Just playing Dream Eaters as Zoey with Luke and I've drawn this several times so far (and to rub it in Luke hasn't drawn it once) and it's just devestating to fighter. Fast cards, lol forget about them.

I wish that instead of discard upon a successful investigation it discarded after a clue was discovered (cancelling the discovery of the clue) or the option to take a bit hit of horror to discard it.

I recommend most decks to at least run a couple of 3 Wild commit cards for situations like this. Also, regarding to Fast cards, from the RR: "A fast card does not cost an action to be played and is not played using the "Play" action." — Nenananas · 207
One note is that it does not specify a *basic* Investigate action. So if you have Sixth Sense you can still ditch it relatively easily as a Mystic. I could even see burning a charge or event on it. — Maseiken · 1
Honestly the benefit of making it "instead of discovering a clue" would be pretty rare. Working a hunch, Roland and Finn, Stirring up Trouble. Other clue discovery effects tend to get less worthwhile as a Trade. — Maseiken · 1
@Nenananas thanks for the heads up on that one, that makes a whole lot less crippling. — screamingabdab · 10
Also note that because it is phrased 'instead of discovering clues', it refers to that outcome of an investigation and not the discrete situation of ACTUALLY discovering a clue. This means that you can still do the replacement effect when investigating a location with no clues on it, which can provide some options for picking a lower shroud location to make it easier. (Compare to the FAQ on Burglary.) — Death by Chocolate · 1131
Crisis of Identity

I don’t see why this card gets so much hate. At some point during a campaign I’ll be in charge of enemy management and wish I was a seeker clue getter. Sometimes as a clue getter I’ll wish I could just go back to being a guardian and hit things.

This card solves that. Up to twice a game you get to switch things up and break the monotony. How anyone could justify playing a flex deck but spit on a great utility card like this is beyond me.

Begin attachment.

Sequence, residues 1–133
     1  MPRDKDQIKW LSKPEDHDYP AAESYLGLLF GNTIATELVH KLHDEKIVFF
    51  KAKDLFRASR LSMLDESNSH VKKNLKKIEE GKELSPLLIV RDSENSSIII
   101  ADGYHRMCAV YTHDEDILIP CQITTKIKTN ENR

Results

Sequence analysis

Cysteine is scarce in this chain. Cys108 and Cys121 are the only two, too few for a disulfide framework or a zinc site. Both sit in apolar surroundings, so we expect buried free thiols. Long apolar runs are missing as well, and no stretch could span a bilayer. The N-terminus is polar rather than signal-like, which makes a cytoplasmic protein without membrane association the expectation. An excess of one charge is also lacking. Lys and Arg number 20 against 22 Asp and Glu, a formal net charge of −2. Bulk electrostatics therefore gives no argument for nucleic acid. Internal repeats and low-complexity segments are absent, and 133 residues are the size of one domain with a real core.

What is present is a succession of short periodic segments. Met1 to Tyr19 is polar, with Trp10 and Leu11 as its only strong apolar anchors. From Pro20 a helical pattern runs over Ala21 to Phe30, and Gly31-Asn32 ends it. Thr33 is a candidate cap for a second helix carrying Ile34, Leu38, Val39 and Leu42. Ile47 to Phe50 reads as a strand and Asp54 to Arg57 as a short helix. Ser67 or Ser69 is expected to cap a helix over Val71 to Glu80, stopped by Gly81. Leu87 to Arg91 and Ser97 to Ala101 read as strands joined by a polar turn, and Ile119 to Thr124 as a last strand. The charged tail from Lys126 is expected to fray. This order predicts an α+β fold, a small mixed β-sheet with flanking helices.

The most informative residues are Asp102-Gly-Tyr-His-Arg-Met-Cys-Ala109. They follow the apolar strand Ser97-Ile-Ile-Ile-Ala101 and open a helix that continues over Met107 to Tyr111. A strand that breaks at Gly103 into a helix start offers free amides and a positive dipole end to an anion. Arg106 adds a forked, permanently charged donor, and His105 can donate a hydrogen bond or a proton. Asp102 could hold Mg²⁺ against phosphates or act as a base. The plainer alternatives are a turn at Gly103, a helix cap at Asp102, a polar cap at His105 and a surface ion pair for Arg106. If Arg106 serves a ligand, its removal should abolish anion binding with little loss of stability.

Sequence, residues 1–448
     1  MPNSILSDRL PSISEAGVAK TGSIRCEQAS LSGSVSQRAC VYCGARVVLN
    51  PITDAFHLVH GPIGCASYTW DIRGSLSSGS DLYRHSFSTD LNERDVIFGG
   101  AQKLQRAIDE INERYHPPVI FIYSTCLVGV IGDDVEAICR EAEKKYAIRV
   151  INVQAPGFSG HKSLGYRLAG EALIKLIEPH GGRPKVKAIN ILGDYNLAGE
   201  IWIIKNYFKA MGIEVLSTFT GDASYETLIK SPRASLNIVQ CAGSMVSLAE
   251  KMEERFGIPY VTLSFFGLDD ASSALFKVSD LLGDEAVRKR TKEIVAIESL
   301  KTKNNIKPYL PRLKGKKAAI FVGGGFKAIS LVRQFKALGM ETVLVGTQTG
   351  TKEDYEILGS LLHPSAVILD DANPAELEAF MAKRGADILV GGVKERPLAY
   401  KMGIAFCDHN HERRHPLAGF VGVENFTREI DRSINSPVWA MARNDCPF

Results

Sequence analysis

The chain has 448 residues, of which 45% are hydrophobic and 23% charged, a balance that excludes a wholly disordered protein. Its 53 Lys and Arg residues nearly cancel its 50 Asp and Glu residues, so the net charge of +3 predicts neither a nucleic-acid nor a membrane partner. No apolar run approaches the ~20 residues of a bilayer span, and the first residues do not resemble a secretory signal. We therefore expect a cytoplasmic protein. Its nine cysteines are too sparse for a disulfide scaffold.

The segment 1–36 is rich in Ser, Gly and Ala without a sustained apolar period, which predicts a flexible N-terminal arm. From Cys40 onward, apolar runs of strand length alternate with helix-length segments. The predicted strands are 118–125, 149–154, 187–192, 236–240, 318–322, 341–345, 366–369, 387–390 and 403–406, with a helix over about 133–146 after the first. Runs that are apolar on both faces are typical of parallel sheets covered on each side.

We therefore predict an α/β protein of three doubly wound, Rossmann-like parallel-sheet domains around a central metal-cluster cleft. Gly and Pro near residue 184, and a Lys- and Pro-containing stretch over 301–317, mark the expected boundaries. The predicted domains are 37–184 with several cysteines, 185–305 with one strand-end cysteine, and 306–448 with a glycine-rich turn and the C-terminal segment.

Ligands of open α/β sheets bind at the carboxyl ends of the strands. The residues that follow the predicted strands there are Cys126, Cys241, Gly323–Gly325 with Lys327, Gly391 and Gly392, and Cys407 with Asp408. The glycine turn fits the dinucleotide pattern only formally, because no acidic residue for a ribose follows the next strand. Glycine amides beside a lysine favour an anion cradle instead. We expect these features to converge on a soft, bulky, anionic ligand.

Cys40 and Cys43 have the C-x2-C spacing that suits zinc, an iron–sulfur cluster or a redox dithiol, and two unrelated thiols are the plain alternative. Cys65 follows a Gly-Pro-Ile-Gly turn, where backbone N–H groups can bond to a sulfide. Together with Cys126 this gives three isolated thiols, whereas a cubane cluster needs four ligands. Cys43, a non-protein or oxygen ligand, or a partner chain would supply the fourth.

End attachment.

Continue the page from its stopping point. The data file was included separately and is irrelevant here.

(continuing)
SorryLaurie · 21
Maybe because you can draw this card in your seeker role if you want find clues? Also you discard all cards of your current class so hope you don't have some important or expensive assets out in play. For example with a. 45 magnum and beat cop you loose 8 ressources and 2 play actions which is much more than the usual 2 to 3 action/cards/resources which a weakness costs you. — Tharzax · 1
.45 Magnum & Beat Cop are great if you want to fight, but what if I don't want to fight? What if after shooting down that ghoul I realized it had a family? What if there was a better way? Maybe we can win the scenario without guns, maybe we can't and we'll lose, but we'll never know if we don't try to change. — SorryLaurie · 21
@SorryLaurie: Ghouls are the good guys, so thank you for your willingness to introspect. — anaphysik · 72
But why did you throw your new hiking boots after your trusted partner Dr. Christopher? Just because you don't know who you are? — Tharzax · 1

I’ve heard say this card’s not as strong in true solo but I think it’s even stronger there. For swift resolution of game winning ”if there are no clues on location” locations it’s excellent. You can often survive one action of attacks of opportunity there, enough to clear it, but rarely two. Super card in either solo or multi player.

Skrattmas · 8
I think people probably look to Working a Hunch instead since it's fast and gets you a clue without a test; effectively turning a 2 clue location into a single action test. Which, as you describe, is the goal. — LaRoix · 1574
Since both are great, I play both, if possible. Thank you for your comprehensive reviews, LaRoix. — Skrattmas · 8